The outlook for finding a job remains murky, with six out of 10 small business owners nationwide saying they intend to increase capital spending but delay hiring.

The findings in the PNC Economic Outlook survey are interpreted as a defensive position that reflects lingering concerns by businesses about the U.S. economy.

The findings in the fall edition of the biannual survey, which began in 2003, also found one out of 10 owners hired or plan to hire qualified employees due to the tax credit offered by the HIRE Act, passed by Congress in the spring.

Growing optimism

Overall, the outlook of small business owners has improved slightly as eight out of 10 (compared with 76 percent in the spring) are moderately to greatly optimistic about their own company's prospects today while 20 percent are pessimistic (vs. 23 percent).

"Until we see a solid pattern of small business hiring and investments re-established, the economic recovery will be a bumpy road, but not another ride over a cliff," said Stuart Hoffman, chief economist for The PNC Financial Services Group, Inc. "These findings support PNC's view that the economy will remain transitional for the rest of 2010 and into the first half of 2011 -- with weak but persistent 'half-speed' real GDP and job gains."

Capital spending, sales, hiring

The survey, which gauges the mood and sentiment of small and medium sized business owners, found almost two-thirds (63 percent) plan to increase capital spending during the next six months. This is a significant increase from 49 percent in the spring.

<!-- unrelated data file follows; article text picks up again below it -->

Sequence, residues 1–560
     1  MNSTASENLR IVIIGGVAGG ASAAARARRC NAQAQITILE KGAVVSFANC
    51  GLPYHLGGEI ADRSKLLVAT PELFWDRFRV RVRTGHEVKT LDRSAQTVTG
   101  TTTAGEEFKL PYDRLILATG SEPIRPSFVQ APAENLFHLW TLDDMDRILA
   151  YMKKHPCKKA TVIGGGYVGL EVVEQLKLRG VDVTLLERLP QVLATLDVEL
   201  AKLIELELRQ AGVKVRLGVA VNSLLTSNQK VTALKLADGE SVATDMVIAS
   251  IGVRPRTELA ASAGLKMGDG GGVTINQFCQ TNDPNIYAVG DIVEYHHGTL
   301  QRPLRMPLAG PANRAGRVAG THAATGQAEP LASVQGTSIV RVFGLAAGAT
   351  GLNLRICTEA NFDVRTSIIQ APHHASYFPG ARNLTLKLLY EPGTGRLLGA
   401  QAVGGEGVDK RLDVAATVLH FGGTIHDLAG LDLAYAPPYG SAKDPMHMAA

Technology equipment spending leads the list of priorities as owners look to maintain their operations without adding additional employees.

The next six months

· Improved Access to Credit: While three out of four business owners (76 percent compared with 78 percent in the spring) do not intend to seek a new loan or line of credit, they do see greater access to financing. Thirteen percent (vs. nine percent in the spring) says it's easier to obtain credit while 44 percent (vs. 38 percent in the spring) say it's neither easy nor difficult compared to three months ago.

· Stalled Sales and Profits: Fewer than half (42 percent) expect their sales to increase versus 47 percent in the spring. In terms of profits, 31 percent expect an increase, as opposed to 37 percent in the spring.

· Hiring Outlook Improved: 22 percent expect to hire full-time employees, the same as spring and significantly better than one year ago (17 percent). Only 12 percent plan to reduce their workforce compared with 14 percent in the spring and 18 percent one year ago. Manufacturing companies are most likely to hire followed by the service industry.

· Still Waiting for U.S. Recovery: The overwhelming majority (91 percent) say the U.S. economy has yet to make any notable improvement. Seven out of 10 (71 percent) feel the recovery is more than one year away versus 20 percent who expect improvement within the next 12 months.

· Local View Is Better: The sentiment is slightly less negative closer to home as 57 percent are optimistic and 42 percent are pessimistic about the prospects for their local economy. This compares with 41 percent optimistic and 58 percent pessimistic for the U.S. economy.

· What's Your Worry?: One out of three (34 percent) say weak sales/demand for service is the most important challenge facing their business today. Their second concern -- at 21 percent -- is "changes in government policy that affect my business." These far outdistanced health insurance (12 percent) and taxes (11 percent).

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